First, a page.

Poetry Review: “At Thomas Merton’s Grave” by Spenser Reese

Spenser_Reese_PoemsThere are many excellent sources for finding new poems and poets on the web. One of my favorite sites, and a frequent stop for me, is the Poetry magazine website. That is where I found this poem by Spenser Reese.

Googling Reese,  I was un-surprised to discover that he had studied theology. From this poem I would have guessed as much… indeed, I would have been surprised to find that he had not. It is, after all, a religious poem written by one with enough sense and background to take the themes raised seriously.

It is a fine poem with the exception of one line, one metaphor that I do not particularly like:”little milky crosses grow like teeth”. I think if he could rework this one line, it would would be a much better poem… at least to me.

Metaphors and similes are one of the basic “tools of the trade” to poets. They can be familiar, novel, complicated, simple, extended, direct, or some combination of all of those things. But in end they need to convey, as exactly as possible, what it is the poet is trying to convey… NOT detract from it.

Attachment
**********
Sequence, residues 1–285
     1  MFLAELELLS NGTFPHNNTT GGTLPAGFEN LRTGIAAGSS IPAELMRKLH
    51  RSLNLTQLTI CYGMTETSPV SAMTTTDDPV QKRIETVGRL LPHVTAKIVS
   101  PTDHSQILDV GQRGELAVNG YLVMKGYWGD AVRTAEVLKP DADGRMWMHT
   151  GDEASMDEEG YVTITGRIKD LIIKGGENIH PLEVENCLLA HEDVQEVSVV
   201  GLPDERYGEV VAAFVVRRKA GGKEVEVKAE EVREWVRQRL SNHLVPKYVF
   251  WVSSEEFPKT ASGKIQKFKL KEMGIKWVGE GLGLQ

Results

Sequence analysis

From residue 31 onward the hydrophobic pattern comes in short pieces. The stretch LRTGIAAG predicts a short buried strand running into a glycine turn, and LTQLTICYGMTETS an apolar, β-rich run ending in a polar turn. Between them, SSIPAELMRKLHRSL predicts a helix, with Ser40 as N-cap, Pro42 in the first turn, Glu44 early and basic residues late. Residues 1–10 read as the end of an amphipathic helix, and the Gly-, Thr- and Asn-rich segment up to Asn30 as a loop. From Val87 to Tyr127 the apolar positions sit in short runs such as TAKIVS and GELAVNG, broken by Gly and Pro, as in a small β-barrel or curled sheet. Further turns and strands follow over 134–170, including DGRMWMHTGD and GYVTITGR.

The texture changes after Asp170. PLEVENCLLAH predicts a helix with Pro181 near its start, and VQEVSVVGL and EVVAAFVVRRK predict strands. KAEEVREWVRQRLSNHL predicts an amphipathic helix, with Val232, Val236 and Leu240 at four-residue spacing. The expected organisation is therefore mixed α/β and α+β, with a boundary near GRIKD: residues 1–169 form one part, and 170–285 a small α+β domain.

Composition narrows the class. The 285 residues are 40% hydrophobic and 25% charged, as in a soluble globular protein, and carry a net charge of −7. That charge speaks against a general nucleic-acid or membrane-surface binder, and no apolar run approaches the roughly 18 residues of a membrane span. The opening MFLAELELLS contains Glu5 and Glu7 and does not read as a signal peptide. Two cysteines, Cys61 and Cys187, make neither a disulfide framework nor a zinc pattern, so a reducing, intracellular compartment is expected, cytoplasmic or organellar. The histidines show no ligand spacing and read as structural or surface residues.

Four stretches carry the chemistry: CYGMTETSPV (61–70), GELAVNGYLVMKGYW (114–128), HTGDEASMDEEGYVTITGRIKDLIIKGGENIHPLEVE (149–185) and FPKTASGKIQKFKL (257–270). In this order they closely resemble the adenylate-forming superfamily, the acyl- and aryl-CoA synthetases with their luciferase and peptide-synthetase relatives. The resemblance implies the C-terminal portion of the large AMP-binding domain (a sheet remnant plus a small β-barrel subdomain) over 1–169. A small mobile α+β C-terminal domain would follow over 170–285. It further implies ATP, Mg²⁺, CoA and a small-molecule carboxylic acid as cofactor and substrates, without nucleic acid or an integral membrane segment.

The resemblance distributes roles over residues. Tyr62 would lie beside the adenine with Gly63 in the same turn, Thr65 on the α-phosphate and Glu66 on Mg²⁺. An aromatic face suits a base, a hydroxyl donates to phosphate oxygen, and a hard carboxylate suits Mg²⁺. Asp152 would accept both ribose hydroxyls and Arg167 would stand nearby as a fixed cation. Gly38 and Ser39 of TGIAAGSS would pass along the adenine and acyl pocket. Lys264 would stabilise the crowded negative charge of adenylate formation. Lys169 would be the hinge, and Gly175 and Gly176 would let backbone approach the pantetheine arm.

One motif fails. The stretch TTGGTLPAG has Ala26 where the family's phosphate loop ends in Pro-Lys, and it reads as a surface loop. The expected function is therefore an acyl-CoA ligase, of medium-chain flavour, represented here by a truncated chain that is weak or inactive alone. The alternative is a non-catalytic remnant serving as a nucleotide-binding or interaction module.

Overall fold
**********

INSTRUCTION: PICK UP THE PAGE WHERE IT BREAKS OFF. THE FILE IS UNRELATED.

While I do not wholly subscribe to Eliot’s notion of the objective correlative, I believe that there does exist for words, symbols, metaphors, and phrases a duplexity of meanings that really do need to be respected. That is to say, some words and metaphors should never, ever be placed together because the weight and freight of their many meanings can not co-exist by definition. I would respectfully submit that the three words “milk, crosses, and teeth” are three such words. Putting them together in a clumsy, unworkable metaphor disfigures an otherwise fine poem. But, to quote Dennis Miller, “Then again… I could be wrong.”


At Thomas Merton’s Grave
We can never be with loss too long.
Behind the warped door that sticks,
the wood thrush calls to the monks,
pausing upon the stone crucifix,
singing: “I am marvelous alone!”
Thrash, thrash goes the hayfield:
rows of marrow and bone undone.
The horizon’s flashing fastens tight,
sealing the blue hills with vermilion.
Moss dyes a squirrel’s skull green.
The cemetery expands its borders—
little milky crosses grow like teeth.
How kind time is, altering space
so nothing stays wrong; and light,
more new light, always arrives.

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